Im studying the Minkowski 2d spacetime. Why is a proper lorentz trasformation so important? And what the intuitive meaning to say that a proper lorentz trasformation "can continuosly deformed to an identity"?

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    $\begingroup$ Are you using "proper" in the technical sense of the transformation having a unit determinant? There are proper transformations and there are improper transformations, or the word proper could colloquially mean "appropriate for the situation." Since we don't know you, it's unclear which you mean. Please edit your question. $\endgroup$ – Bill N Sep 22 '17 at 16:06
  • $\begingroup$ Technically, the name Minkowski spacetime is reserved for the 4D flat spacetime. $\endgroup$ – DanielC Sep 22 '17 at 20:06

This question could just as easily apply to rotations, so I'll explain it in that context first.

A proper rotation is a rotation which can be built from the identity (i.e. no rotation at all) by making a sequence of tiny rotations. If I want to rotate my coffee cup by $180^\circ$, I can simply perform 180 tiny rotations in which I rotate my cup by $1^\circ$ each time. In general, a $180^\circ$ rotation can be written as $N$ rotations of $\left(\frac{180}{N}\right)^\circ$ each.

In the limit as $N\rightarrow \infty$, I am performing an infinite number of infinitesimal rotations to build up my full rotation. The fact that I can do this is useful in part because it's often mathematically easier to deal with infinitesimal transformations. This is what is meant by the "continuous deformation" you mention in your question.

An improper rotation, on the other hand, can not be built in this way. An example of an improper rotation is a reflection. If I write my name on my coffee cup, no amount of rotating around any axis will ever make the letters appear backward.

So, the rotation group (the set of all transformations which can be considered rotations) is split into two distinct and disconnected subgroups - the proper rotations, which can be continuously built out of infinitesimal rotations starting from the identity, and the improper rotations, which cannot.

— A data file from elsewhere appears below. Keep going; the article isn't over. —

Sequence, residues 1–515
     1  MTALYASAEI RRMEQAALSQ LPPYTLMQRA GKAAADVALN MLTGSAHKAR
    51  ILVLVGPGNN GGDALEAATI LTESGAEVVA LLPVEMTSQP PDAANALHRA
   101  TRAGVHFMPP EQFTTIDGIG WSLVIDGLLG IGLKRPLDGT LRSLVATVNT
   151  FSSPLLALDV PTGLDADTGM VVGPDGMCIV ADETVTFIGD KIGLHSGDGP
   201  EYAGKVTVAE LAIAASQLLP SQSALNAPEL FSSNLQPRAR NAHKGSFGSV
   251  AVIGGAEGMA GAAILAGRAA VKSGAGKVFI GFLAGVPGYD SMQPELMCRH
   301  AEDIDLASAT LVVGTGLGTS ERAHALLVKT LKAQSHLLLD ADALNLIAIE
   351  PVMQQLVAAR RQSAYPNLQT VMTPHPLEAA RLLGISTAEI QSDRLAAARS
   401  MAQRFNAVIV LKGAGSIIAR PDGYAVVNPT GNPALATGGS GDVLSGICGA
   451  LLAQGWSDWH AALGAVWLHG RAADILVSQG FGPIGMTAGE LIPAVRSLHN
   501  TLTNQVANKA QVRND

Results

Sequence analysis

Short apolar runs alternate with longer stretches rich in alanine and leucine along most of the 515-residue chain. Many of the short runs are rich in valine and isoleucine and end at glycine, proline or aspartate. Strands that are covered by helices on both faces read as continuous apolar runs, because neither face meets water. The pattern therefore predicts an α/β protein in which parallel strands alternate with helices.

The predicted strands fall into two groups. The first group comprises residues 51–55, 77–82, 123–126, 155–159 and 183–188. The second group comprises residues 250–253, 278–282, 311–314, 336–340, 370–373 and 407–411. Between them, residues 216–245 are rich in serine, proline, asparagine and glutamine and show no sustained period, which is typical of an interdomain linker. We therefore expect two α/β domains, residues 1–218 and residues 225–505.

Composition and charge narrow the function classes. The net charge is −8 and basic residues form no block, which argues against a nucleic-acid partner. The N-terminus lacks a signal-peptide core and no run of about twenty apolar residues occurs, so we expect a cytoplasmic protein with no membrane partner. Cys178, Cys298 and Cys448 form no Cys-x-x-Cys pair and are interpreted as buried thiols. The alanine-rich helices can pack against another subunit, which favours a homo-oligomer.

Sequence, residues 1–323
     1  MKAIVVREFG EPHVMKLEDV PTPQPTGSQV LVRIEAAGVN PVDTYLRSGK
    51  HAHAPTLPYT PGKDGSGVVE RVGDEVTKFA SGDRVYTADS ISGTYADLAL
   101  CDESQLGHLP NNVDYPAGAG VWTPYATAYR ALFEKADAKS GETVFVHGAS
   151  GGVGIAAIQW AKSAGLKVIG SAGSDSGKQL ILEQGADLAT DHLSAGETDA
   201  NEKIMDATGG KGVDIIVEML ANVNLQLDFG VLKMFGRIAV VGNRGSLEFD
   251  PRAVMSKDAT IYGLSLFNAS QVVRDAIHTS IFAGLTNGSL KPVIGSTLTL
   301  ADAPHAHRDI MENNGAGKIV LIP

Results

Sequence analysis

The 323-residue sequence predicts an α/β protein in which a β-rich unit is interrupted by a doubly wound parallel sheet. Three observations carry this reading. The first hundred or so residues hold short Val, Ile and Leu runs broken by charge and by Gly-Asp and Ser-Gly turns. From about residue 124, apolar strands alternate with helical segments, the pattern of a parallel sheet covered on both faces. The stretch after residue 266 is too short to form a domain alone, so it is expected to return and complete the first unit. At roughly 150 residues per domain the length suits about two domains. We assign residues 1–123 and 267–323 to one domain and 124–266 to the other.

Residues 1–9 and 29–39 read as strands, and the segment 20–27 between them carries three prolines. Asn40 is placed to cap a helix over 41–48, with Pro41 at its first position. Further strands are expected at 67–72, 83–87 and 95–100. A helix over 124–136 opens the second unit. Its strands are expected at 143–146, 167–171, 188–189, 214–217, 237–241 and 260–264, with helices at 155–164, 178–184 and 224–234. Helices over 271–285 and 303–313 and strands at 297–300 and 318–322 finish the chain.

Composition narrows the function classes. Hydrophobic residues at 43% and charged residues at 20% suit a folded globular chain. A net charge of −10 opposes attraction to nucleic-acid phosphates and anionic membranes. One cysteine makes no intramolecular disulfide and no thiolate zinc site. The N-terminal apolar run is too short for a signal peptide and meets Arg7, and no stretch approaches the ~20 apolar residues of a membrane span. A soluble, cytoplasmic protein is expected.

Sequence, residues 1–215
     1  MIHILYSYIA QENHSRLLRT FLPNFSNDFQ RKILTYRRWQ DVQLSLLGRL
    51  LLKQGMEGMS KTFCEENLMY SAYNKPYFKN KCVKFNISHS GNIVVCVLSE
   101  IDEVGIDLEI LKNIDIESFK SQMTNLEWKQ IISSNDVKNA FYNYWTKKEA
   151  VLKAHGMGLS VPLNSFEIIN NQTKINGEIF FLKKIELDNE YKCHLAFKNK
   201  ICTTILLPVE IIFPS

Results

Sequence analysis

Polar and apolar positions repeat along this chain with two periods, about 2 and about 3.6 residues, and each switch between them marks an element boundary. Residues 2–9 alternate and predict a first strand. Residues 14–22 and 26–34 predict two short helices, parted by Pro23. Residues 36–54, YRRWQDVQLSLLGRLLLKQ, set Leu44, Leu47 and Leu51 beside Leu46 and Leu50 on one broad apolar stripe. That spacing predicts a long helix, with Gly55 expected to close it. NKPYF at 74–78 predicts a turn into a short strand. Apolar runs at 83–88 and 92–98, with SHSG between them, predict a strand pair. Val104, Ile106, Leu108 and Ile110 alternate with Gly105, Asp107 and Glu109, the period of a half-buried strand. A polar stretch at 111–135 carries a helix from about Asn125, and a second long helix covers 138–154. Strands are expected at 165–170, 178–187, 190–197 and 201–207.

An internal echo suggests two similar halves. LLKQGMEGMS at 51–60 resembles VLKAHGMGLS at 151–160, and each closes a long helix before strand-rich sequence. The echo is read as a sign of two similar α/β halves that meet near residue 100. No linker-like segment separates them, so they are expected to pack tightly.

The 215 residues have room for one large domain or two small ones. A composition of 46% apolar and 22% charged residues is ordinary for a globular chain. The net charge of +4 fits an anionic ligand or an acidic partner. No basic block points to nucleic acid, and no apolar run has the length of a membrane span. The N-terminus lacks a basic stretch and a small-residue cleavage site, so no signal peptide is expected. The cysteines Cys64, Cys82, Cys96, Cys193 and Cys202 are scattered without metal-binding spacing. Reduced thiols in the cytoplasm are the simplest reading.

Lorentz transformations include rotations as well as boosts, but the same idea applies. If a Lorentz transformation can be built from the identity by a sequence of infinitesimal boosts and/or proper rotations, it is a proper Lorentz transformation. If it requires a spatial reflection and/or time reversal, it is called an improper transformation.

As far as why proper Lorentz transformations are important, the fundamental idea is that they encode a fundamental symmetry of the laws of nature. As far as we are aware, all of the laws of physics are invariant under proper Lorentz transformations. That is to say, if two observers occupy two different reference frames which are related to each other by a proper Lorentz transformation, then the laws of physics should be the same for each of them. This is called the equivalence principle.

Note that this is not mean that they should observe precisely the same thing. Obviously if two observers are watching a ball fly through the air and one is rotated with respect to the other, then the coordinates of the ball as a function of time will be different for each. However, they should both see the ball obeying the same "rules."

The same is not necessarily true of improper Lorentz transformations. The second law of thermodynamics is not symmetric under time reversal, and the weak interaction is not symmetric under spatial reflections. Some laws of nature have these additional symmetries, but they are not implied by the equivalence principle.

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  • $\begingroup$ The question states "Why are proper rotations important?" not "What are proper rotations?" $\endgroup$ – Prahar Sep 22 '17 at 18:20

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